Platon Lebedev

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Platon Lebedev

Platon Leonidovich Lebedev (Russian: Плато́н Леони́дович Ле́бедев; born 29 November 1956) is a Russian businessman and former CEO of Group Menatep. He was convicted of tax evasion, money laundering and embezzlement by Russian courts in two cases and imprisoned from July 2003 to January 2014.[1] He is best known as a close associate of Mikhail Khodorkovsky.[2]

Early life[edit]

Platon Lebedev graduated from the Academy of National Economy Plekhanov in Moscow in 1981. After graduating he worked in the Foreign Trade Department "Zarubezhgeologia" (Russian: Зарубежгеология) of the Soviet Ministry of Geology. In 1990 he became head of Rosprom, a stock management subsidiary of Menatep-Invest.[3] From 1991 to 1995 he served as president of Bank Menatep. Since 1996 he sat on the board of oil company Yukos. Lebedev served as CEO of Group Menatep (principal shareholder of YUKOS) until his arrest in July 2003.[4]

Conviction and imprisonmemt[edit]

On 2 July 2003, Platon Lebedev, then chairman of the board of Menatep, was summoned as a witness to the Prosecutor General’s Office in an investigation into embezzlement of state funds. Shortly before the scheduled visit, Lebedev however felt ill at about 5 a.m. in the morning and was taken to a hospital. Lebedev then subsequently was arrested in the hospital on suspicion of stealing a 20 % stake in JSC Apatit.[5]

On 31 May 2005, Lebedev was convicted of tax evasion in 2005, and sentenced to nine years in prison.[6] He was subsequently charged with embezzlement and money laundering in 2009, and pled not guilty to the charges.[7][8] There has been speculation that these charges were politically motivated.[9]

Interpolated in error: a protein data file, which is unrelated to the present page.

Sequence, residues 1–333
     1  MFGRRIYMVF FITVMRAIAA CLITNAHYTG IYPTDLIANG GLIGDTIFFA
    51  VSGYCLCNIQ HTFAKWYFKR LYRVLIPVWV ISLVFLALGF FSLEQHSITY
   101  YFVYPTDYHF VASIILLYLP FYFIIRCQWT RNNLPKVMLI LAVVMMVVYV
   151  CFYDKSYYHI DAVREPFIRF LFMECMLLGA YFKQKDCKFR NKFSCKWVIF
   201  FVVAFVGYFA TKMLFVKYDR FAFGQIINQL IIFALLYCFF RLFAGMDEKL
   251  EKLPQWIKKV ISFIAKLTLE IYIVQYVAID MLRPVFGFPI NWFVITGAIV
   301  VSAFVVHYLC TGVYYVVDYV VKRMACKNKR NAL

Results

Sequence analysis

On 27 December 2010, Lebedev and Mikhail Khodorkovsky were each sentenced to 13 years in prison for money laundering and embezzlement. In the second case against them, they were found guilty of organizing a criminal group in the oil business, embezzling 218 million tonnes of oil from Yukos’ oil extraction subsidiary companies, Uganskneftegaz, Tomskneft and Samaraneftegaz. [10]

In December 2013 Khodorkovsky was released while Lebedev was released on January 24, 2014. "A short prison sentence might be considered a victory for Mr. Putin’s protégé, President Dmitri A. Medvedev, a former law professor who is thought of as less of a hard-liner. Mr. Medvedev has been promoting policies to modernize Russia, and analysts say the Khodorkovsky case is an obstacle toward convincing foreign investors that the country’s legal system is fair."[11][12]

On 24 May 2011, Lebedev and Khodorkovsky were named prisoners of conscience by Amnesty International, which criticized the men's second trial and called for their release on the expiry of their initial sentences.[13]

On 7 August 2012, Lebedev's 13-year sentence was reduced by 3 years and 4 months by a district court judge in the Arkhangelsk region city of Velsk, where Lebedev had been imprisoned.[14] This action came as a result of the prosecutor's office requesting a re-qualification of Lebedev's offenses due to the passage of a new legal statute in the Russian Criminal Code which reduced the punishment for offenses of which he had been convicted.